According to Lexus, the IS F will cover the 0-100km/h sprint in just 4.8 seconds. Top speed is listed at 270km/h.

The Lexus V8 is good enough to be considered special in isolation, but in the IS F's case it comes packaged with the exceptional eight-speed SPDS (Sports Direct-Shift) transmission, the only transmission available for this car.

In lieu of a manual transmission, the eight-speed unit in the IS F offers both Drive and 'Manual' modes - paired with steering-mounted paddle shifters.

The transmission has a manual setting with torque-converter lock-up from second to eighth gear for the fastest upchanges of any four-door sedan car in the world, and an auto-blip feature on downchanges.

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As mentioned, the major change to the 2010 IS F is the addition of a mechanical Torsen limited-slip differential in place of the original electronic version.

Where the original arrangement offered a 'simulated' limited-slip diff effect by adjusting rear brake balance, the Torsen unit redistributes torque without affecting power.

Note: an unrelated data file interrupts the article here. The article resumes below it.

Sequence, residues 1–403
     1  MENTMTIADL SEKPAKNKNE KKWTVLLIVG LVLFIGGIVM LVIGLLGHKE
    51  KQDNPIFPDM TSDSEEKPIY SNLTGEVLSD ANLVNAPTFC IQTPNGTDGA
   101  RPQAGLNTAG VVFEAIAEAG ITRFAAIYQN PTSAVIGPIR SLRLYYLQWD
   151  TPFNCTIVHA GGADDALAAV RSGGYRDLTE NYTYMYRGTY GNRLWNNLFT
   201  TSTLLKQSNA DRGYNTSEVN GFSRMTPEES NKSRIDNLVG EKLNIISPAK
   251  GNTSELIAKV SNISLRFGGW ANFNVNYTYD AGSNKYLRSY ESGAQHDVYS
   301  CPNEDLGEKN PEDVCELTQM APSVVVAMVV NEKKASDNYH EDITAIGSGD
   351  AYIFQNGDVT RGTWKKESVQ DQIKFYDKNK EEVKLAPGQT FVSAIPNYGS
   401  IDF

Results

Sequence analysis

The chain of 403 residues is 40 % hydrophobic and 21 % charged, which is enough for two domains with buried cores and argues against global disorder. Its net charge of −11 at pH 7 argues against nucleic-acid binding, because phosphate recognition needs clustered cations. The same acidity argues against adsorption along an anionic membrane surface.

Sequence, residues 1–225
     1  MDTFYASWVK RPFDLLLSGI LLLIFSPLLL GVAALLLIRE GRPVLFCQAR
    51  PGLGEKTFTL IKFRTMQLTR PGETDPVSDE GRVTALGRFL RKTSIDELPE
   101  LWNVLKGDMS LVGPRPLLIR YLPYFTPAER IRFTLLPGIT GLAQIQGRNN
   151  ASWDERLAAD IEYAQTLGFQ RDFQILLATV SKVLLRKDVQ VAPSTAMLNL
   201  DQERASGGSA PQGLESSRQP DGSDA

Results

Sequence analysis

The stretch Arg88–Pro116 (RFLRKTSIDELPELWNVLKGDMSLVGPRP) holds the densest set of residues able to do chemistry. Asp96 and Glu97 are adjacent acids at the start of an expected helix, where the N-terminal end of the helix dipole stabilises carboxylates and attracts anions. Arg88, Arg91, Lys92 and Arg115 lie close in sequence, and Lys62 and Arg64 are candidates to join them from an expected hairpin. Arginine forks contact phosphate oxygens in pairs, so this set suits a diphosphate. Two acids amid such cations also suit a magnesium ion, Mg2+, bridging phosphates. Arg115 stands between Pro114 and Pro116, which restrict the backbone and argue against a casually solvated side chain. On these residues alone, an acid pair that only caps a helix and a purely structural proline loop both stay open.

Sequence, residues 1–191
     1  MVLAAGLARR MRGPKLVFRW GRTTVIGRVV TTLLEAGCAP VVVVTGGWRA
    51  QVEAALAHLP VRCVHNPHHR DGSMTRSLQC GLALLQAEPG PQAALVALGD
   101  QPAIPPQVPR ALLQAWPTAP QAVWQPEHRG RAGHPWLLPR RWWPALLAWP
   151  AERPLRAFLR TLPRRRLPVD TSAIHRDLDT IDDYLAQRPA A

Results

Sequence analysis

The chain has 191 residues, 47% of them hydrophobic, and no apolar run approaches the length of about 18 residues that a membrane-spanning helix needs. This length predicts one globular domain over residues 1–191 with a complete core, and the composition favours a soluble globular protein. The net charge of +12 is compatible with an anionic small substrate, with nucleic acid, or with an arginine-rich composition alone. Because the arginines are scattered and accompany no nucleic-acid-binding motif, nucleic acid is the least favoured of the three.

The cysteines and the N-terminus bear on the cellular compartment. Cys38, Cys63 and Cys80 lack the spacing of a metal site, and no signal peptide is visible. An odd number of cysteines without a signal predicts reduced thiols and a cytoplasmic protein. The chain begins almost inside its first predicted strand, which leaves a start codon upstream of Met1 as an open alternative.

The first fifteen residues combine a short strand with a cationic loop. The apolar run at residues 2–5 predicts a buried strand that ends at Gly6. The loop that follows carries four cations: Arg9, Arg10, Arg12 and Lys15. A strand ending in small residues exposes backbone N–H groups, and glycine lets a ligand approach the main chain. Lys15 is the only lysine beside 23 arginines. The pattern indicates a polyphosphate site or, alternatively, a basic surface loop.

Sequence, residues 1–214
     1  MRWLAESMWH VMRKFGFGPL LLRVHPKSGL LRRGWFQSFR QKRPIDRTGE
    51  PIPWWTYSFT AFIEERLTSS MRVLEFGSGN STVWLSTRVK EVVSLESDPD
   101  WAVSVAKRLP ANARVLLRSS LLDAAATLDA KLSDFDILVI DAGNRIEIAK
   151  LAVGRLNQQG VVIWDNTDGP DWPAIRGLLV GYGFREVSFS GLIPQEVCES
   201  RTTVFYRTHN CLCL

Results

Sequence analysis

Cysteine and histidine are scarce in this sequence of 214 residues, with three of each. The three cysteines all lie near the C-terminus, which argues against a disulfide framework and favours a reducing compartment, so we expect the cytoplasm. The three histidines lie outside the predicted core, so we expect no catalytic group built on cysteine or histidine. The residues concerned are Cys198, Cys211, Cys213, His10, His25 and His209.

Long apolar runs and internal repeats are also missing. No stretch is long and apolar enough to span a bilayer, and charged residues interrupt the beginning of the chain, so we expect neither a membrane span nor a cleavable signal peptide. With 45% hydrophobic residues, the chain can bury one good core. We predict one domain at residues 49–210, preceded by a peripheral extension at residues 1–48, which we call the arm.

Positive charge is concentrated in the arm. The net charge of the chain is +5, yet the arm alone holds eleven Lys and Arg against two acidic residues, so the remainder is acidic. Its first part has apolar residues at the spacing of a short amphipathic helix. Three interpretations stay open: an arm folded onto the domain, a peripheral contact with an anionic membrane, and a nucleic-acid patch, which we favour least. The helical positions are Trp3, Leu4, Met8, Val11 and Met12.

The IS F's suspension calibration includes stiffer springs, stabiliser bars and larger diameter monotube dampers compared with the regular IS 250.

The brake system features Brembo monobloc aluminium calipers. Six-piston calipers up-front acting on 360mm x 30mm ventilated discs, and twin-piston calipers in the rear acting on 345mm by 28mm ventilated discs.

The spokes of the 19-inch BBS wheels are beautiful and functional, being designed to draw heat away from the brakes.


How does it drive?

The IS F is the automotive equivalent of a Swiss watch. Everything, and I mean everything, feels 'just right'. The driving position and steering, throttle feel, the amount of brake assistance, the turn-in, the remarkably smooth V8 and the gearbox with its faultless, super fast 100-millisecond upshifts.

The entire car feels as though it is machined from a single billet of steel. No creaks, groans, or rattles, just a vault-like feeling of robustness and security, matched by a superbly behaved and beefy drivetrain.

There are two main stars in the IS F show. The 5.0 litre V8 with its evocative howl, and, dare I say it... the automatic gearbox.

The V8 is character-laden and loaded with torque. It will float you quietly and effortlessly around town, or scream like a Banshee when wound-up on an early morning run through the hills.

You would have to be stone cold dead not to appreciate this engine.

The eight-speed automatic is a precision instrument. Normally one to avoid paddle shifting, the IS F had me addicted after the first throttle blip, on the change form third to second. In sport mode the shifts are so fast and so precise, and the throttle blips on downchanges so evocative, that its hard to imagine a better way to change gears.